Eminem has had his fair share of controversial lyrics over the years. Unfortunately for him, though, Gen Z has finally figured it out. 

In a new TikTok war between Generation Z and Millennials, generations of Internet-savvy people are fighting over whether or not Slim Shady should be “cancelled” or given a pass for his more shocking lyrics. This back-and-forth, which has been going on for a few years now before becoming something of a TikTok trend, has led to some great material – including a few critically panned freestyles that surfaced online in “defense” of Em.

Lil Nas X, arguably one of the music industry’s most savvy Internet users, also saw the generational battle as a reason to step into the ring. While he doesn’t seem to be picking any side here – instead poking fun at the millennial rapping to prevent Em’s cancellation – his insight added some much-needed humor to the discussion.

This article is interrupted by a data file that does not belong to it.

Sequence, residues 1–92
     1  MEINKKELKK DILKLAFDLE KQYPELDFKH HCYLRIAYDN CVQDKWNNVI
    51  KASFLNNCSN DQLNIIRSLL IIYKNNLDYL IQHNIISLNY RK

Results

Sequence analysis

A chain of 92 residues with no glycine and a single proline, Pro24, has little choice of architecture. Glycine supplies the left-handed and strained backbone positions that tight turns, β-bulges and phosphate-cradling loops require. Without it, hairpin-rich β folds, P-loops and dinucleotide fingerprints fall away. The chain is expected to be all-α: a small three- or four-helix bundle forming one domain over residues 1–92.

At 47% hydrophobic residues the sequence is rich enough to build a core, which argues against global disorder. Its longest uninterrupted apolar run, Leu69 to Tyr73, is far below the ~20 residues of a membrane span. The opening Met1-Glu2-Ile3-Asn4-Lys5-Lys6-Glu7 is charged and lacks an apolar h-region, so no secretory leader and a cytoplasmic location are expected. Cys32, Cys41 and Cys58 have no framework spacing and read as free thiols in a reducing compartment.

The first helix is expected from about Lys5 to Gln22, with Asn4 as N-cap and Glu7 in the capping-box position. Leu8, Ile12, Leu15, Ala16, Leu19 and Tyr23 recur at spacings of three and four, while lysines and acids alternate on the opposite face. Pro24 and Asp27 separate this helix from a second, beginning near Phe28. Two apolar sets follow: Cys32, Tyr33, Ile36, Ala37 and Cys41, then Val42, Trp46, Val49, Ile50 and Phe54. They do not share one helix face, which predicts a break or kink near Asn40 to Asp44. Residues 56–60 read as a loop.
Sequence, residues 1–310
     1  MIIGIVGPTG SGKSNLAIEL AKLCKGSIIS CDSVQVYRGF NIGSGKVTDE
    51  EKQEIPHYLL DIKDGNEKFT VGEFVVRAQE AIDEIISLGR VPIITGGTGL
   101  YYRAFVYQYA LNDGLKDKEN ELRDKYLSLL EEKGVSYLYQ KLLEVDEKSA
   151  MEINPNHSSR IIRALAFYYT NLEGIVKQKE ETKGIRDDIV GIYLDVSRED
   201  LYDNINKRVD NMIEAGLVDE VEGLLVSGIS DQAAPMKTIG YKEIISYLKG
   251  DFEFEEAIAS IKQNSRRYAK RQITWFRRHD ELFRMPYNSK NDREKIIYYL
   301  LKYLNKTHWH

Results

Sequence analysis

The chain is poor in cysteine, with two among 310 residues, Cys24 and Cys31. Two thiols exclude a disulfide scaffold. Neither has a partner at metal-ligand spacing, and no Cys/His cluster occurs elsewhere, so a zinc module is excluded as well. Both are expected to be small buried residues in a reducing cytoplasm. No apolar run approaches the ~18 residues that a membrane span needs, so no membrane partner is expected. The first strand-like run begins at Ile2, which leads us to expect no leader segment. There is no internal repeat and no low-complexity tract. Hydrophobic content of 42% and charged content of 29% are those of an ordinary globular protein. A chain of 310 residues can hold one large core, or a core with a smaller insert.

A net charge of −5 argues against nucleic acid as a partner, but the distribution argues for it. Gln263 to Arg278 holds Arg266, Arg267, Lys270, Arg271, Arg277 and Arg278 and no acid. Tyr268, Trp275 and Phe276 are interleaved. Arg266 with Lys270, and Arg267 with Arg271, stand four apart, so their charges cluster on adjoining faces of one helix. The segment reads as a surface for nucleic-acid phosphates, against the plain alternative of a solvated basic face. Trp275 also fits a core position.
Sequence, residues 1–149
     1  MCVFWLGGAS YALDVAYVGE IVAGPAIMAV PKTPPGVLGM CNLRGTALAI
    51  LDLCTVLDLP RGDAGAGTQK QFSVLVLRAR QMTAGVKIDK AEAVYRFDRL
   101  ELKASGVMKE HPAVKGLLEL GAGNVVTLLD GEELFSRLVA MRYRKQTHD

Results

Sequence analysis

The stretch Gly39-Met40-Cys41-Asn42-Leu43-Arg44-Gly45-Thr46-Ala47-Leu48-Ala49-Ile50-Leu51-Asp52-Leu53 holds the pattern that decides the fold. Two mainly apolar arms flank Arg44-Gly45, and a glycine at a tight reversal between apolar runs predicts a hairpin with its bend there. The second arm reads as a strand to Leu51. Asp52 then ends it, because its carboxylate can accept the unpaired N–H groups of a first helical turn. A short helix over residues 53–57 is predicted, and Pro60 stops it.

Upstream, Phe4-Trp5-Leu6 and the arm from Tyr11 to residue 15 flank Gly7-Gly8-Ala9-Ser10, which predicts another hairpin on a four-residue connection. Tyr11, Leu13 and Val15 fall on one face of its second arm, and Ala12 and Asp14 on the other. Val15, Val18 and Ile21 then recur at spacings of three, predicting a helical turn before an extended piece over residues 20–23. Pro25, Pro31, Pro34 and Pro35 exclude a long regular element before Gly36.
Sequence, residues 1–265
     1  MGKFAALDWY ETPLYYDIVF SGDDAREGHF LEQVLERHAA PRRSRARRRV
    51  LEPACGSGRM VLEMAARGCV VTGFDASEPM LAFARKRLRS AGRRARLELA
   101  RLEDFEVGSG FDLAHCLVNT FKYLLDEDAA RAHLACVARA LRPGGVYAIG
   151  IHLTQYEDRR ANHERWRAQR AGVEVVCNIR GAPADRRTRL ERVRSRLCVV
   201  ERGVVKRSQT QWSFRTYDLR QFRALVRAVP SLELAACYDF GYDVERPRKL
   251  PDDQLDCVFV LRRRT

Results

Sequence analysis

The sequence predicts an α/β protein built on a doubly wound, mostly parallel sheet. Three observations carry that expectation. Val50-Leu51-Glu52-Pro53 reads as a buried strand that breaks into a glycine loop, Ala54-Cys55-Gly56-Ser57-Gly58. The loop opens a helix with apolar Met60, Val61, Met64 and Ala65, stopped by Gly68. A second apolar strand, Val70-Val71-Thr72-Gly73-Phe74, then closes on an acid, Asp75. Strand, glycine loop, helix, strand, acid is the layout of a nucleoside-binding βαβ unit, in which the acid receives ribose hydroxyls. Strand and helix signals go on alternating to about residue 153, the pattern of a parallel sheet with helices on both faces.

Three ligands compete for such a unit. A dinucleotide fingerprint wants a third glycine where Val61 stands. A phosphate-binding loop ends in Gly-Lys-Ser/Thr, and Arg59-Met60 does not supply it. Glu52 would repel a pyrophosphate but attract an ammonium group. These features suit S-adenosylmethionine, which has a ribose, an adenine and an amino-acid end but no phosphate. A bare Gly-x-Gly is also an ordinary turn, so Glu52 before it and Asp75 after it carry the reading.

With some of the hardest bars TikTok has seen yet in defense of Shady, Nas explained, “Generation Z wants to cancel Eminem? / Generation Z wants to cancel Eminem? / Yeah, listen up, Generation / Z, you’re a generation of Z / Z, generation of Z.” 

Last week, Em dropped a lyric video for “Tone Deaf” off Music to be Murdered By, in which he responds to his always pending cancellation. He promises that he “won’t stop even when my hair turns grey (I’m tone-deaf) / ‘Cause they won’t stop until they cancel me,” lyrics he also tweeted from the track.

During a late 2020 track-by-track discussion on Shade 45, Em himself shared his thoughts on “cancel culture,” adding that it happens “every other day” for him.

“I’m canceled for whatever the fuck it was,” Em said. “It’s funny because I see some of the same people… who bitched about things back then that I said and then going back now and saying, ‘why can’t he be that again.’ What the fuck. When I was that you had a problem with that too. I understand some of the shit but for the most part like for people who just sit online and they feel like they need to bitch about whatever it is to feel like they’re a part of something. With cancel culture, it’s like nobody really gets canceled though.”